In a case that can have some far reaching implications a terminated probationary sanitation worker got his formally dismissed case sent back to the federal district court from the 2nd Circuit Court of Appeals. Anthony P. Capobianco, Jr. in Capobianco v. City of New York, decided yesterday, convinced the Second Circuit that his dismissal may have been the result of the Sanitation Department’s illegal discriminatory action.
Union reps and advisors often advise terminated probationers that “you don’t have a prayer” when it comes to fighting a dismissal. While fighting an unjust probationary dismissal is difficult there are avenues. Capobianco offers one such avenue.
Anthony Capobianco wanted to be a sanitation worker most of his adult life. He took the test in 1983 and 1990 and scored perfect tests but he had vision problems. Since sanitation workers drive vehicles good sight is a bona fide occupational qualification (which means criteria in which a potential employer could legally not discriminate against you by refusing to hire you).
His vision problems were eventually corrected by cataract surgery and the DOS initial rejection of him in 1997 became an acceptance in 1998. He disclosed his vision problems on his employment application.
Initially he was assigned to a day shift on a two-person truck. Things went well until he was assigned to the night shift. At this point he had great difficulty driving and was diagnosed with night blindness. After being assigned to desk duty he was placed on limited duty which permitted day driving only.
He received satisfactory ratings and after several months was eventually discharged.
In order to maintain a claim in federal court under the Americans with Disability Act (ADA) and the New York State and City Discrimination laws it is normally necessary to file appropriate complaints with those agencies. In Capobianco’s case the EEOC (the federal agency handling these complaints) determined he had a viable claim and authorized him to sue in court. There are a number of ways to commence disability discrimination lawsuits but this is probably the most common one utilized.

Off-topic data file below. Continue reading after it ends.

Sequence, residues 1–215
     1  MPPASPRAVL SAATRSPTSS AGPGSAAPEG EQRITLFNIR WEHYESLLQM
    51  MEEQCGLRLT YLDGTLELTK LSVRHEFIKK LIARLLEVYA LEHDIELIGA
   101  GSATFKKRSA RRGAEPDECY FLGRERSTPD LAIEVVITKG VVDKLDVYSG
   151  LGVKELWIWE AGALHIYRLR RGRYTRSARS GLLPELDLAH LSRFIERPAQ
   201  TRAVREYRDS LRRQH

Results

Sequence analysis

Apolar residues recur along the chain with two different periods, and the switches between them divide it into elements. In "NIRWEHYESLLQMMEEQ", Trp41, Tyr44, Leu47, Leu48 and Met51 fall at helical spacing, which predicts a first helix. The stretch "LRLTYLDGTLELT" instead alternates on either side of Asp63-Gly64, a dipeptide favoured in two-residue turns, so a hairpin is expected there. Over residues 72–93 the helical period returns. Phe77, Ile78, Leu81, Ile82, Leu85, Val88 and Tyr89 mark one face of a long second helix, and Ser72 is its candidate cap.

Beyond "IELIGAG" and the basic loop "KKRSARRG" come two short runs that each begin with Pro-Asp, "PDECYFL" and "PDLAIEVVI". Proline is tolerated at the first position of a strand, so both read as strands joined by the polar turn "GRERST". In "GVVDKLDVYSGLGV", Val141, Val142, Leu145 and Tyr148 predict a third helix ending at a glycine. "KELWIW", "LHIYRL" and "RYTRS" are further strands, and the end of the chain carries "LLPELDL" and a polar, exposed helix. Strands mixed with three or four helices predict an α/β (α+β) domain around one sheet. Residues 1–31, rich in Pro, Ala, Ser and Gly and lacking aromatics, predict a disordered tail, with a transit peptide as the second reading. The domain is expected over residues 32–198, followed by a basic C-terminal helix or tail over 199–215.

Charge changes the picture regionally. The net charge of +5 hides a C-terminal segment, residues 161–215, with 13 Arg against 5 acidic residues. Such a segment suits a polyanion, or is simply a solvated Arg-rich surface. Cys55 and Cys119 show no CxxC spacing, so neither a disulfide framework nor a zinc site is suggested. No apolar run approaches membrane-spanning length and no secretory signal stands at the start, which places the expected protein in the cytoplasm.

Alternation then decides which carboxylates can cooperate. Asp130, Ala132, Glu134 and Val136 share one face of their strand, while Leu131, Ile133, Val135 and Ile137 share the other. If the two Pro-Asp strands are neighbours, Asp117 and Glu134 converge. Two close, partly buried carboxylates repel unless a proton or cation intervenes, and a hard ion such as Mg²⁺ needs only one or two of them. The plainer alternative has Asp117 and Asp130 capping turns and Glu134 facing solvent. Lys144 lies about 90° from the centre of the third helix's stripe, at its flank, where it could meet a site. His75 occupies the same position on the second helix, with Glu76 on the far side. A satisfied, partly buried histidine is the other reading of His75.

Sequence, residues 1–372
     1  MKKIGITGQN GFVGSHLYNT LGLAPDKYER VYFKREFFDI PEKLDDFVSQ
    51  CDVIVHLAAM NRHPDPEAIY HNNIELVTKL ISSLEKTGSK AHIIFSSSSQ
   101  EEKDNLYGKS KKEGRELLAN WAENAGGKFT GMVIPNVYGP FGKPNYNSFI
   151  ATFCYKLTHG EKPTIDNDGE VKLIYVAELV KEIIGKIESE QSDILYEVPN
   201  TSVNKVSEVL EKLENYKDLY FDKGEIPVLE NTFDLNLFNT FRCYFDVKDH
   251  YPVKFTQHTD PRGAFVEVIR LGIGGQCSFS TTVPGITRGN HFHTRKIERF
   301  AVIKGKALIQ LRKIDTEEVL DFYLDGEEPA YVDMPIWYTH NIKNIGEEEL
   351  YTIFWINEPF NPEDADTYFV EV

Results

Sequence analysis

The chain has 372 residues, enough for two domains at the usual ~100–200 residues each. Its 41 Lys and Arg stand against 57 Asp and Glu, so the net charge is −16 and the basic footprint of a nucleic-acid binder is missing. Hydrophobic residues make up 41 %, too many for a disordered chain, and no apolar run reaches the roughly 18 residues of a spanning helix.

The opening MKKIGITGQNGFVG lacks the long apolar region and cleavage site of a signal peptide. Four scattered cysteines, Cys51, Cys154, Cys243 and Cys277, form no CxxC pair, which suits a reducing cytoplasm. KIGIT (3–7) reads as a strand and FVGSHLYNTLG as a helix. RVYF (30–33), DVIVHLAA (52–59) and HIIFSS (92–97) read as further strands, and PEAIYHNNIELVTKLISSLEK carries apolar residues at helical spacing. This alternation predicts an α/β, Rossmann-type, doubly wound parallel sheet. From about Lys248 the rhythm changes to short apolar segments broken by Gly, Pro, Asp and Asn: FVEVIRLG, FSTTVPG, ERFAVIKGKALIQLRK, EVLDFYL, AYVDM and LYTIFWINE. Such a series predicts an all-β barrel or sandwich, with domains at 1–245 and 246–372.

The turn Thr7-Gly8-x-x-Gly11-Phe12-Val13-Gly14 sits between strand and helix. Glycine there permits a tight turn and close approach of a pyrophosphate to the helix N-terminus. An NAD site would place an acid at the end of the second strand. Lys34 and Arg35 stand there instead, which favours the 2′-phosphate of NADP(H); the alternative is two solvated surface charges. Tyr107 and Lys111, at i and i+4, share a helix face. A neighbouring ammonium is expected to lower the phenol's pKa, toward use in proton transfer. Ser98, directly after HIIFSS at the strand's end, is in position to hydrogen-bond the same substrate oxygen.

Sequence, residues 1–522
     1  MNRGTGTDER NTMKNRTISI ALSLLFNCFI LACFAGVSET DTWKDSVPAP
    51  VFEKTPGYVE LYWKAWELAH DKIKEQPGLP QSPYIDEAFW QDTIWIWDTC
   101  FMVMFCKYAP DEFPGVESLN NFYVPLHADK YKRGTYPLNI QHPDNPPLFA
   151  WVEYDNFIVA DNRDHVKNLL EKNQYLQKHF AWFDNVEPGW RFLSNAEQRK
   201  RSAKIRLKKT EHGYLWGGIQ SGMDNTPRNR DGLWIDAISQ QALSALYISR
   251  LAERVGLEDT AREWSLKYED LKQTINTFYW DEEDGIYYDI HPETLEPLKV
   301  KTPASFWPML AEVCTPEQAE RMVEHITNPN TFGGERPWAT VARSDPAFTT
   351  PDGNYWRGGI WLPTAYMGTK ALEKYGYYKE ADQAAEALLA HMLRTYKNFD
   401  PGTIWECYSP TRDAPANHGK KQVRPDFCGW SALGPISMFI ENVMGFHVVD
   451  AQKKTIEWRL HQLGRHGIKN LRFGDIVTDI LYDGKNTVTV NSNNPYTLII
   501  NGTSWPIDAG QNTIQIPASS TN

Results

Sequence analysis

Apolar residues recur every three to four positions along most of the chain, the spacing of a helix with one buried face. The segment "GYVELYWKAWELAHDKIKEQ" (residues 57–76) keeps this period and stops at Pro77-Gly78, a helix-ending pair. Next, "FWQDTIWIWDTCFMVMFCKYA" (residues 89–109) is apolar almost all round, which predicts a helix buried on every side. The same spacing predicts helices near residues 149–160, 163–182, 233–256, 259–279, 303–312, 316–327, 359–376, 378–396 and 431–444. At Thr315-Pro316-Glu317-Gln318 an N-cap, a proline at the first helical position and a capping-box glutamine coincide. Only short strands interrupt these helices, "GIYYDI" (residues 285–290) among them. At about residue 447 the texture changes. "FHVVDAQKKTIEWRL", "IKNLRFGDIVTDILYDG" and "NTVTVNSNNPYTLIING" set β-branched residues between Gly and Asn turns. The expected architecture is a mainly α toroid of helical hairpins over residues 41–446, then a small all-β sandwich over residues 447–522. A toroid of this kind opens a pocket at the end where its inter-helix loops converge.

After he commenced his court case the district court dismissed his claim finding that the City (DOS) could dismiss a probationary employee for any or no reason at all. The Second Circuit reversed finding that probationary employees may not be dismissed for discriminatory reasons and sent the case back to district court for trial.
There are a number of similar cases involving DOE employees. In one unreported case a social worker who also suffered from night blindness had difficulty driving to school. He got along great with the principal and the principal gave him “flex time” so he could avoid the harsh morning sun when he drove.
Of course things didn’t continue to go well with the principal (that’s a shock) and the principal decided to withdraw his accommodation. The Medical Bureau blindly (no pun intended) followed the principal and the social worker went to his union rep who told him that flex time was not appropriate under the social work contract and there was nothing that could be done about it.
The social worker hired his own attorney at considerable expense and recently the court ordered that the flex time be restored.